|Publication Type||Journal Article|
|Year of Publication||2010|
|Authors||Jimenez-Conde, J, Biffi, A, Rahman, R, Kanakis, A, Butler, C, Sonni, S, Massasa, E, Cloonan, L, Gilson, A, Capozzo, K, Cortellini, L, Ois, A, Cuadrado-Godia, E, Rodriguez-Campello, A, Furie, KL, Roquer, J, Rosand, J, Rost, NS|
|Date Published||2010 Mar|
|Keywords||Aged, Aged, 80 and over, Brain Ischemia, Cohort Studies, Female, Humans, Hyperlipidemias, Male, Middle Aged, Nerve Fibers, Myelinated, Prospective Studies, Stroke|
BACKGROUND AND PURPOSE: White matter hyperintensity (WMH), or leukoaraiosis, is a radiologic finding generally assumed to reflect diseased small cerebral vasculature. WMH has significant functional impact through its relation to cognitive decline and risk of ischemic and hemorrhagic stroke. Accumulating evidence suggests that some manifestations of small-vessel disease such as intracerebral hemorrhage are associated with low levels of cholesterol. We sought to determine the relation between hyperlipidemia and WMH severity in patients with acute ischemic stroke (AIS).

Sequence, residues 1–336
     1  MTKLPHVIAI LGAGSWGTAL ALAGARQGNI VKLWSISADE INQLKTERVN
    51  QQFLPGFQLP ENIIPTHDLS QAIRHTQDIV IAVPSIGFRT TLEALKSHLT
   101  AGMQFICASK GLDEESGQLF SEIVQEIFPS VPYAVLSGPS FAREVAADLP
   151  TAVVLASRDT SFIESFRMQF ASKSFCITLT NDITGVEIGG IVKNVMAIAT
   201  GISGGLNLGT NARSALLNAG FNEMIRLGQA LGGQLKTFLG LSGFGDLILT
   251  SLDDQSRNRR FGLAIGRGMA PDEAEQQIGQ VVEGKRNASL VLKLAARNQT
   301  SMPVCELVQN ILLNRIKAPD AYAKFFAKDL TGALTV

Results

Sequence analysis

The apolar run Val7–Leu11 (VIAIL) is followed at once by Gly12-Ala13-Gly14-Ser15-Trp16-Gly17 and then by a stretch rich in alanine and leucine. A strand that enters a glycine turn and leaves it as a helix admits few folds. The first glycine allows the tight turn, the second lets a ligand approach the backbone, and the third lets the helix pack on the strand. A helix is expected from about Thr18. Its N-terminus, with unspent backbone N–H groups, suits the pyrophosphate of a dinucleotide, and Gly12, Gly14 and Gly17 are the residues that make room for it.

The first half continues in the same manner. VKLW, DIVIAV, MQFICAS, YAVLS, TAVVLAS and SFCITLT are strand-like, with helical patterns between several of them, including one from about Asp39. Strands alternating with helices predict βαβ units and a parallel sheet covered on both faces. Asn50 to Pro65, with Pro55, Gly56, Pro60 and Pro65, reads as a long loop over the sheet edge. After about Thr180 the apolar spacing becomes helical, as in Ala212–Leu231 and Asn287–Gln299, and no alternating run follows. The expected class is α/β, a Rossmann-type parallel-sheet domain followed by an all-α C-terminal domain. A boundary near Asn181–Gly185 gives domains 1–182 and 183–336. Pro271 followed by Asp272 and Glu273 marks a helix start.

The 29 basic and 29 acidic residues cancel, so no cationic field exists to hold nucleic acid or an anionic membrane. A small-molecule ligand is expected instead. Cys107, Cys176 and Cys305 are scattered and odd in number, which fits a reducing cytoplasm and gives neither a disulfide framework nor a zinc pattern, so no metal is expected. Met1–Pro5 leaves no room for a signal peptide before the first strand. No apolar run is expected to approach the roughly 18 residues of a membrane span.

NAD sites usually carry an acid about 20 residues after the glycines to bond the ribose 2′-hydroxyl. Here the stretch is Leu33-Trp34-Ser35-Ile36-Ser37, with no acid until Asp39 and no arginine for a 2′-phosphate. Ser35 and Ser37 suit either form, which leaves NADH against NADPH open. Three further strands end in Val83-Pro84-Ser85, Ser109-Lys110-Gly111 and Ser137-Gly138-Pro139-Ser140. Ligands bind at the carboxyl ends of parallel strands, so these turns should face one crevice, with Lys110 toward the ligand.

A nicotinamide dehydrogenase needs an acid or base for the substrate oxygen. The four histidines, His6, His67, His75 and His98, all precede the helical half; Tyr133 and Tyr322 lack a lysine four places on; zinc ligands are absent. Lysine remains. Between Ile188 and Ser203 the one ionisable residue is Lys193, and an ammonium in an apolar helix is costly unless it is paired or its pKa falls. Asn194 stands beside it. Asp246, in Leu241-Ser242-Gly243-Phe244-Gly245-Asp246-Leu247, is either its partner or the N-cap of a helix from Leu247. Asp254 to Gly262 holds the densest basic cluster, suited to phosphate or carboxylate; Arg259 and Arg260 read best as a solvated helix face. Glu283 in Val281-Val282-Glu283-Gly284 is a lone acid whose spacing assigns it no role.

METHODS: We analyzed 2 independent, hospital-based AIS cohorts. Demographic and clinical data were collected prospectively. WMH was measured using semiautomated volumetric image analysis and a semiquantitative visual grading scale. Univariate and multivariable regression analyses were used to assess the relation between WMH severity and study variables.
RESULTS: A total of 631 and 504 subjects in the first and second cohorts, respectively, were included. In univariate analyses, advancing age and hypertension were associated with severity of WMH (P
CONCLUSIONS: Results from 2 independent cohorts demonstrate that AIS patients with a history of hyperlipidemia have less severe WMH at the time of stroke. These data support the hypothesis that hyperlipidemia may play a relatively protective role in cerebral small-vessel disease.
|PubMed Central ID||PMC3787512|
|Grant List||K23 NS064052 / NS / NINDS NIH HHS / United States |
K23NS42720 / NS / NINDS NIH HHS / United States
5P50NS051343 / NS / NINDS NIH HHS / United States
P50 NS051343 / NS / NINDS NIH HHS / United States
R01 NS04217 / NS / NINDS NIH HHS / United States